Over 70 Ethiopians have elected to leave Norway voluntarily under the government’s recent repatriation agreement.
According to the Directorate of Immigration (UDI), 73 applied during the so-called ‘voluntary’ period between the end of January and March 15.
Those who do choose to leave are given an initial 15,000 kroner in cash (about 2,500 dollars) when they arrive in Ethiopia, then another 30,000 when they are back in Ethiopia for a period of time.
“This includes help to find work, courses and training, or help to start a business. The objective of the programme is to make sure that persons from Ethiopia who wish to return voluntarily to their home country receive practical as well as financial help to return and reintegrate,” officials write.
UDI press spokesperson Guri Norstrøm tells The Foreigner, “this helps them reestablish themselves so the return will not be so hard.”
The IOM (International Organization for Migration and ARRA (Administration for Refugee and Returnee Affairs) administer the programme on behalf of the UDI.
Meanwhile, the remaining 320 or so Ethiopians still living in Norway face forcible repatriation. In addition, approximately 450 Ethiopian children have been living in Norway’s state-run asylum centres for three or more years. Some go to school and have Norwegian friends.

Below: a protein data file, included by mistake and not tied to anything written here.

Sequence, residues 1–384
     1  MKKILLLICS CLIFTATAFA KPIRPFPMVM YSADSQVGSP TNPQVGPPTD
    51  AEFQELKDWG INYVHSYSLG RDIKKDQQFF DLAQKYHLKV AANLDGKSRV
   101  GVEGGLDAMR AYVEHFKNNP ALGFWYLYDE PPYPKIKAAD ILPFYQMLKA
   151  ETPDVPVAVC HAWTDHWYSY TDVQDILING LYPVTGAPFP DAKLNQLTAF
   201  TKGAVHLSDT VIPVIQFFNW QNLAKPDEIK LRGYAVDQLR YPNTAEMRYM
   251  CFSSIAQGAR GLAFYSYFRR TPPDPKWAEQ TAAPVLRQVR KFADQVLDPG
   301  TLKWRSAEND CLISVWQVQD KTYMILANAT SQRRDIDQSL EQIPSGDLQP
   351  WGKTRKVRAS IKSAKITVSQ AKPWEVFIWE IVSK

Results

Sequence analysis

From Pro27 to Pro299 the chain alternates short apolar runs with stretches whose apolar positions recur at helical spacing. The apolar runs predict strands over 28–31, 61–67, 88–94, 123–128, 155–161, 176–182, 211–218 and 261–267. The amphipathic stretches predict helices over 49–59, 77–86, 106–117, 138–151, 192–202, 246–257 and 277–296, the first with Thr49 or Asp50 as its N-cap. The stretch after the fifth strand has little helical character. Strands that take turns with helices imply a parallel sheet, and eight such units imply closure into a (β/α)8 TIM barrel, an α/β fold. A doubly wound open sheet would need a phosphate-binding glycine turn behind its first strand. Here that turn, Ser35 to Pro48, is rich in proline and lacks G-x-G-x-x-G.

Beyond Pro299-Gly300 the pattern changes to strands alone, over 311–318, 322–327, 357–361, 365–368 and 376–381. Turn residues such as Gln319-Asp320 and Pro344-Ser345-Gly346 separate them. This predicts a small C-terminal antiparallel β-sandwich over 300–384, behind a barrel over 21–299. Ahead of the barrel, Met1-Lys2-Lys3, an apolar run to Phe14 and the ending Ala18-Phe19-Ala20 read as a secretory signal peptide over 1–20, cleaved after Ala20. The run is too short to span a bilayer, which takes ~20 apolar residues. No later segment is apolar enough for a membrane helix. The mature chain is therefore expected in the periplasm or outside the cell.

The future of seven-year-old Nathan Eshete and his family, who have not been deported as officials originally planned, is still uncertain following the family’s decision to sue the Norwegian state.
“Everyone who receives a final rejection of their application for protection has a duty to leave Norway. Ethiopian nationals without legal residence in Norway can be escorted to Ethiopia with effect from 15 March 2012, i.e. a month-and-a-half after the readmission agreement enters into force,” says the UDI says
Officials conclude, “Persons escorted out of Norway by the police are not offered reintegration support.”
A governmentMoU (Memorandum of Understanding) increasing Norwegian-Ethiopian cooperation was signed with Ethiopia’s Deputy Prime Minister and Minister of Foreign Affairs, Hailemariam Desalegn about two weeks ago.